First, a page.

Madhouse at the End of the Earth by Julian Sancton PDF

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Fascinating non-fiction that offers analysis of a little known voyage undertaken by The Belgica at the end of the 19th century to do research of then still unchartered Antarctica. A powerful tale of stamina, determination, endurance and weaknesses.
For some inexplicable reasons I am into tales of men whose courage and determination allowed the cruellest places on our planet to be described and defined ….
A definite must for readers interested in polar exploration.

Madhouse at the End of the Earth by Julian Sancton PDF Free Download Details

  • Book Title: Madhouse at the End of the Earth by Julian Sancton PDF
  • Author: Julian Sancton
  • Published: May 4th 2021 by Crown
  • Goodreads Link: Madhouse at the End of the Earth by Julian Sancton PDF
  • ISBN: 1984824333 (ISBN13: 9781984824332)
  • Formats: [PDF] [Epub]
  • No. of pages: 354 pages
  • Size: 3MB
  • Genre: Nonfiction, History
  • Language: English
  • File Status: Available
  • Price: $0

Madhouse at the End of the Earth by Julian Sancton Summary

The harrowing true survival story of an early polar expedition that went terribly awry–with the ship frozen in ice and the crew trapped inside for the entire sunless, Antarctic winter–in the tradition of David Grann, Nathaniel Philbrick, and Hampton Sides

In August 1897, thirty-one-year-old commandant Adrien de Gerlache set sail aboard the Belgica, fueled by a profound sense of adventure and dreams of claiming glory for his native Belgium. His destination was the uncharted end of the earth: the icy continent of Antarctica. But the commandant’s plans for a three-year expedition to reach the magnetic South Pole would be thwarted at each turn. Before the ship cleared South America, it had already broken down, run aground, and lost several key crew members, leaving behind a group with dubious experience for such an ambitious voyage.

As the ship progressed into the freezing waters, the captain had to make a choice: turn back and spare his men the potentially devastating consequences of getting stuck, or recklessly sail deeper into the ice pack to chase glory and fame. He sailed on, and the Belgica soon found itself stuck fast in the icy hold of the Antarctic continent. The ship would winter on the ice. Plagued by a mysterious, debilitating illness and besieged by the monotony of their days, the crew deteriorated as their confinement in suffocating close quarters wore on and their hope of escape dwindled daily. As winter approached the days grew shorter, until the sun set on the magnificent polar landscape one last time, condemning the ship’s occupants to months of quarantine in an endless night.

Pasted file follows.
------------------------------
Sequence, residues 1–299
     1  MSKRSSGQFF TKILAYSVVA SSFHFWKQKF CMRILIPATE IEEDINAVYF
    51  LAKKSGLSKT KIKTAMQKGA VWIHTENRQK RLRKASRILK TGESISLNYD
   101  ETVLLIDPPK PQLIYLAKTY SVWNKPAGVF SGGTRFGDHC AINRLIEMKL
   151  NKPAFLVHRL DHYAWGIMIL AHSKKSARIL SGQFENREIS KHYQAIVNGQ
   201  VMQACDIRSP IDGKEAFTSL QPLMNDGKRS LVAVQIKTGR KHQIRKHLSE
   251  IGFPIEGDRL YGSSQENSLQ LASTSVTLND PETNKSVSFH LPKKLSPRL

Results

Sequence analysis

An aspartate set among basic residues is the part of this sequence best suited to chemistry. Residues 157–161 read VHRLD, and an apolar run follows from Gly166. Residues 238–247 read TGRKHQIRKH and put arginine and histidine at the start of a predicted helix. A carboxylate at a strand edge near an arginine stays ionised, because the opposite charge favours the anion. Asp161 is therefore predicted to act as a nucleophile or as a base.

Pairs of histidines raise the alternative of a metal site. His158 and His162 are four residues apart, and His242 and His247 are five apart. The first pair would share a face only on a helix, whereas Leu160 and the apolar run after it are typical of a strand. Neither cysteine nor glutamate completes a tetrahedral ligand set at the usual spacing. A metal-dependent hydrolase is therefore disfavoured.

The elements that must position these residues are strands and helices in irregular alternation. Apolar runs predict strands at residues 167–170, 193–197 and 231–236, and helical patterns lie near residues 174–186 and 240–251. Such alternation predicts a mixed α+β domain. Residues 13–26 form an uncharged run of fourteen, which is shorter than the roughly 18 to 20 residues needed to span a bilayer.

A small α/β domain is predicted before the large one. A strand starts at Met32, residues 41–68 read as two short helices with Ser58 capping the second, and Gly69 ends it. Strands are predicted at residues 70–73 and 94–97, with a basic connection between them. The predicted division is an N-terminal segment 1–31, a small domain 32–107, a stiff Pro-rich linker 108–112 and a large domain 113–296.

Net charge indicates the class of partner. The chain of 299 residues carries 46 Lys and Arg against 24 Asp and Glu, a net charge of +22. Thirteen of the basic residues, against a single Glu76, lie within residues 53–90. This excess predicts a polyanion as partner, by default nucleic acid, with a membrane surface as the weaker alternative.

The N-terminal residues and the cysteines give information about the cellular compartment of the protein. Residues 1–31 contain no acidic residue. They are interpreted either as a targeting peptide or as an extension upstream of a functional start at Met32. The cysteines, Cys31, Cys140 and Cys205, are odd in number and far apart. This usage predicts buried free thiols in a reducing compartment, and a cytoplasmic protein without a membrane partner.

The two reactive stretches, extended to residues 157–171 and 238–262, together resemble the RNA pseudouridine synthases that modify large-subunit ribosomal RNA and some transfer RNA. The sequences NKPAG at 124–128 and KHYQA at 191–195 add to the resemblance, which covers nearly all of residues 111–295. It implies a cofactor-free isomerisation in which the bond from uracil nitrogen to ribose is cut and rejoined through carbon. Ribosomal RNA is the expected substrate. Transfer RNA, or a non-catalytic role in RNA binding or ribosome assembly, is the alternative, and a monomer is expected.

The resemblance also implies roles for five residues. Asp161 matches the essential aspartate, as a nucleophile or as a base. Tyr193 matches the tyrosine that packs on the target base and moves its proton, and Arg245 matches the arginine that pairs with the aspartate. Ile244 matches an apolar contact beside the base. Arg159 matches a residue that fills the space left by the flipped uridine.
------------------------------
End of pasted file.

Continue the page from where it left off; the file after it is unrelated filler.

Forged in fire and carved by ice, Antarctica proved a formidable opponent for the motley crew. Among them was Frederick Cook, an American doctor–part scientist, part adventurer, part P.T. Barnum–whose unorthodox methods delivered many of the crew from the gruesome symptoms of scurvy and whose relentless optimism buoyed their spirits through the long, dark polar night. Then there was Roald Amundsen, a young Norwegian who went on to become a storied polar explorer in his own right, exceeding de Gerlache’s wildest dreams by leading the first expeditions to traverse the Northwest Passage and reach the South Pole.

Drawing on firsthand accounts of the Belgica’s voyage and exclusive access to the ship’s logbook, Sancton tells the tale of its long, isolated imprisonment on the ice–a story that NASA studies today in its research on isolation for missions to Mars. In vivid, hair-raising prose, Sancton recounts the myriad forces that drove these men right up to and over the brink of madness.

Madhouse at the End of the Earth by Julian Sancton Review

Review by Kate Southey from Goodreads

This book was incredible! Julian Sancton manages to include meticulous research and authentic scientific and maritime details while making the book read like a ‘ripping yarn’. I am so glad that this story has finally been told in English as it wasn’t an expedition I was familiar with. Having read fairly widely about John Franklin and Erabus and Shackleton it was breathtaking to read of a ship that survived a polar winter. Despite knowing the outcome of the expedition I was still on the edge of my seat, reading feverishly to find out if they would manage to free Belgica from the ice.
De Gerlache was a tricky ‘hero’ for me, clearly an incredible seaman but so driven by pride that almost every decision he made was the wrong one. Amundsen and Cook were my heroes but it was sad to see that neither lived up to their early promise. That said, both were leagues ahead of De Gerlache and the rest of the crew in terms of their ability to innovate and adapt to the conditions they encountered. I will forever wonder what would have happened had they gone ahead with their plan to find the pole before returning to Belgium in 1900. It was fascinating to read Cook’s hypotheses about the affects of lack of sunlight on the crew and how he single handedly saved the crew from scurvy by using knowledge gained from Inuits in the Northern Polar regions.
A must read book for anyone interested in polar exploration and geographic discovery.

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